The eastern Ukrainian village of Stanytsia Luhanska village was shelled with heavy weapons from the “occupied Donbas” area, according to Foreign Minister Dmytro Kuleba in Twitter post on Thursday.

“Civilian infrastructure damaged. We call on all partners to swiftly condemn this severe violation of Minsk agreements by Russia amid an already tense security situation,” he wrote on Twitter.

Since 2014, the Donbas area has been occupied by what Ukrainian and Western forces say are pro-Russian separatists. A photograph posted online allegedly showed damage to a kindergarten in  Stanytsia Luhanska.

Ukraine’s President Volodymyr Zelenskiy alleged that pro-Russian forces had shelled a kindergarten, in what he called a “big provocation.” For its part, the Kremlin said Moscow was “seriously concerned” about reports of an escalation after the separatists accused government forces of opening fire on their territory four times in the past 24 hours.

The self-proclaimed Luhansk People’s Republic, one of two rebel regions, said Ukrainian forces had used mortars, grenade launchers, and a machine gun in four separate incidents on Thursday.

“Armed forces of Ukraine have crudely violated the ceasefire regime, using heavy weapons, which, according to the Minsk agreements, should be withdrawn,” the separatists said in a statement.

Responding to the reports of shelling, Pentagon chief Lloyd Austin, who is in Brussels for a NATO conference, said the United States is looking into claims that the kindergarten was shelled. The incident, he said, is “certainly troubling” and asserted “we have said for some time that the Russians might do something like this in order to justify a military conflict so we will be watching this very closely.”

For weeks now, White House officials have repeatedly warned that Russia—which they say has amassed well over 100,000 troops near Ukraine’s borders—would invade its neighbor. Moscow has categorically denied those allegations and has said it’s the United States and NATO that are trying to spread propaganda to cause the pretext for a war in Eastern Europe.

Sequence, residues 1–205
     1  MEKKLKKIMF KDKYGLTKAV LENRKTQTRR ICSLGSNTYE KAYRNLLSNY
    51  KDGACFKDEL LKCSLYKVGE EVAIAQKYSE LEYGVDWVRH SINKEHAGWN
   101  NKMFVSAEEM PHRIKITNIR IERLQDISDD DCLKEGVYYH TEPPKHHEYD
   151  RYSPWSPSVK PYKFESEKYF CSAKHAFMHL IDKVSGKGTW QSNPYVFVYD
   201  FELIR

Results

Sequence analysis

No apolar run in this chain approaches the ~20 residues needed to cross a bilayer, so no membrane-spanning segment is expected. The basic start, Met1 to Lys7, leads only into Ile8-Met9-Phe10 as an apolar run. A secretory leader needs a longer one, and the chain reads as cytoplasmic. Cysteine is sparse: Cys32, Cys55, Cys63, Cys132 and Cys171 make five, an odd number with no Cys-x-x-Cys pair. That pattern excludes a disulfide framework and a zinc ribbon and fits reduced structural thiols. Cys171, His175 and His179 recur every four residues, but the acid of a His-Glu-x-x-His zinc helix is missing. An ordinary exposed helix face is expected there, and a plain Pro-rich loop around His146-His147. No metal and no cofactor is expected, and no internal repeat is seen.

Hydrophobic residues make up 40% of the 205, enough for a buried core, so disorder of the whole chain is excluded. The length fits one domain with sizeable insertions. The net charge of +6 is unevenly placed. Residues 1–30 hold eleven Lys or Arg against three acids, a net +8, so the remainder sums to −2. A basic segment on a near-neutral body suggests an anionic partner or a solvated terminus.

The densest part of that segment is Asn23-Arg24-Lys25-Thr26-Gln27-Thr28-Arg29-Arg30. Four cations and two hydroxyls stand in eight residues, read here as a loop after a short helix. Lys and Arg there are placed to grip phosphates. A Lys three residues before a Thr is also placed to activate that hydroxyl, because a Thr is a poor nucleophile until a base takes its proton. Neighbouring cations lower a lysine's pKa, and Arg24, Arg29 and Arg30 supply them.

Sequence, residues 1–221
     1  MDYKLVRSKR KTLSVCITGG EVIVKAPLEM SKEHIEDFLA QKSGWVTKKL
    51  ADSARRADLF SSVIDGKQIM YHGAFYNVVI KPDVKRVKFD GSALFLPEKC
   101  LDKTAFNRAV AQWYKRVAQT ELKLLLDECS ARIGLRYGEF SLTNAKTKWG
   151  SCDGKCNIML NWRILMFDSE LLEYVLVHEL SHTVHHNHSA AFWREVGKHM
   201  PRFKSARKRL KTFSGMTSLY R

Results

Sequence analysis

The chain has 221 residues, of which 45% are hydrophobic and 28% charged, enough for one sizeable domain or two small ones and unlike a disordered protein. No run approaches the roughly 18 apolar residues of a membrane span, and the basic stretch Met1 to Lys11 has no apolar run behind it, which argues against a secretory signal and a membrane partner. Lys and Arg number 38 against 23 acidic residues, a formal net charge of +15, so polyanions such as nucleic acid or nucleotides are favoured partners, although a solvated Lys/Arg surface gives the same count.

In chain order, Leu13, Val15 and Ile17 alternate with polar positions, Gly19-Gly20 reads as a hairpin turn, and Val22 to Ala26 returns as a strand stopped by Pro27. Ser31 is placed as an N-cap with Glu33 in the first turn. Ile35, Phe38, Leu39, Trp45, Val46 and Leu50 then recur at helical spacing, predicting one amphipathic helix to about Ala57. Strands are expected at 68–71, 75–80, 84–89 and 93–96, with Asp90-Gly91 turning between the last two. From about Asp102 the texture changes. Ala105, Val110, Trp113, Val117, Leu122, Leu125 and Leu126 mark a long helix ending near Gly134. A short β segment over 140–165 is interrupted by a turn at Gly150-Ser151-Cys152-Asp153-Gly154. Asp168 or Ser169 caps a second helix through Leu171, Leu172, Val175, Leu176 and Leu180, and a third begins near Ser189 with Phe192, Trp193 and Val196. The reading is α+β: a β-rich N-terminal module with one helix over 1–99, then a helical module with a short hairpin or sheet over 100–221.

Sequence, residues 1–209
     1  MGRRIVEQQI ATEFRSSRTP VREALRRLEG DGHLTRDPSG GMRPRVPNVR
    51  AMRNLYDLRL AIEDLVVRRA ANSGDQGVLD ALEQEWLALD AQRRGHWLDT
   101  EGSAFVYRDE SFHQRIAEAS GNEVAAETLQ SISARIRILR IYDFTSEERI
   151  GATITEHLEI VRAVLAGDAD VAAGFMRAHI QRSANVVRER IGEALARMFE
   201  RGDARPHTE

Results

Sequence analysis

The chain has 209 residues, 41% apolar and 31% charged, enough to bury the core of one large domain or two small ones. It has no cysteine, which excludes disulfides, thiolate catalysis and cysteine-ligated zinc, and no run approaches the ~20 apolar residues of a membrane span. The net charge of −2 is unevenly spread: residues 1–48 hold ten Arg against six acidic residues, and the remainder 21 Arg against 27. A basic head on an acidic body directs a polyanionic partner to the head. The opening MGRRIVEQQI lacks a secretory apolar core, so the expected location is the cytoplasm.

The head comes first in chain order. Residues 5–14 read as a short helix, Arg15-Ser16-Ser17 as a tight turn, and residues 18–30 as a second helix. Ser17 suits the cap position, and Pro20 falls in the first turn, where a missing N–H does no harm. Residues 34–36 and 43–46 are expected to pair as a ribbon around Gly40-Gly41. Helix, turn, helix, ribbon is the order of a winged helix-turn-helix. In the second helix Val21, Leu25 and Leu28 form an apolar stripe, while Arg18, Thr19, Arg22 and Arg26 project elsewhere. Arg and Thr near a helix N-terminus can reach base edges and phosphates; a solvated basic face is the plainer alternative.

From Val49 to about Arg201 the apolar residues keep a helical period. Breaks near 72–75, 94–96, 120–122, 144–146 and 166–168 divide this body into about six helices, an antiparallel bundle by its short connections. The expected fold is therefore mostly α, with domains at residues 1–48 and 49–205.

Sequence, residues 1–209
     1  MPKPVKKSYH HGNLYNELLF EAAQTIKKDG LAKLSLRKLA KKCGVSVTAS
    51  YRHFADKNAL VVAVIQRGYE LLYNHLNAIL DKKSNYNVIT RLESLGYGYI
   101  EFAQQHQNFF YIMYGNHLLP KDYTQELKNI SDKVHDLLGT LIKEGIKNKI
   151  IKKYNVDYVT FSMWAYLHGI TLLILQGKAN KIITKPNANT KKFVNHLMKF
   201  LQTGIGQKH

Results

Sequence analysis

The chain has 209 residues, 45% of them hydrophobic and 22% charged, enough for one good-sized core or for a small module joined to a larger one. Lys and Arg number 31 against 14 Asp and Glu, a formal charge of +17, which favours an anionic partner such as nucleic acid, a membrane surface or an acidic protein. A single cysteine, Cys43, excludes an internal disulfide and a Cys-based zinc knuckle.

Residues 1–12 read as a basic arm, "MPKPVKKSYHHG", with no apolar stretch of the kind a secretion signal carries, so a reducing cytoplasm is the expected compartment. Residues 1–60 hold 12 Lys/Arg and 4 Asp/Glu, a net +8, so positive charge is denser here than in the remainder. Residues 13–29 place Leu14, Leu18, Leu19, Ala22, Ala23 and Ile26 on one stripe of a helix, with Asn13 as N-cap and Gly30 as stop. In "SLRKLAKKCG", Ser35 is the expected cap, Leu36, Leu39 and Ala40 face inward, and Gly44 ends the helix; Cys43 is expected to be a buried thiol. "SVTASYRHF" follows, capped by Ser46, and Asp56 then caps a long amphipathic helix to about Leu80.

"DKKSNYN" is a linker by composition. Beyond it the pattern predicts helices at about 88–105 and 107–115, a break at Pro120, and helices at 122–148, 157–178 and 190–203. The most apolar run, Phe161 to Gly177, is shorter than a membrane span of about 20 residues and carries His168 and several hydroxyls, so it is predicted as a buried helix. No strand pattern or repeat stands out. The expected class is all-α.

NATO Secretary-General Jens Stoltenberg on Thursday claimed Russia has the resources now to conduct “a full-fledged invasion of Ukraine” with little-to-no warning. In a dispute of Russian and Belarussian statements that their troops are conducting military drills in the area, Stoltenberg said it is “not a normal exercise.”

“And that is what makes this situation so dangerous,” Stoltenberg told reporters. “So we know about their capabilities but of course we don’t know with certainty about their intentions, so it remains to be seen what they will do.”

This week, there were reports claiming that Russia would attack on Feb. 16, which never materialized. Responding to allegations Russia now might launch an attack on Feb. 20, Chief Kremlin spokesman Dmitry Peskov described such statements as false.

“It looks like another fake has been coined. I hope that at least you and me will not trust such falsehoods,” he told the TASS news agency. “There have been many dates, and far more specific ones … all turned out to be falsehoods, irresponsible fakes, but none of their authors eventually acknowledged they were wrong,” Peskov said.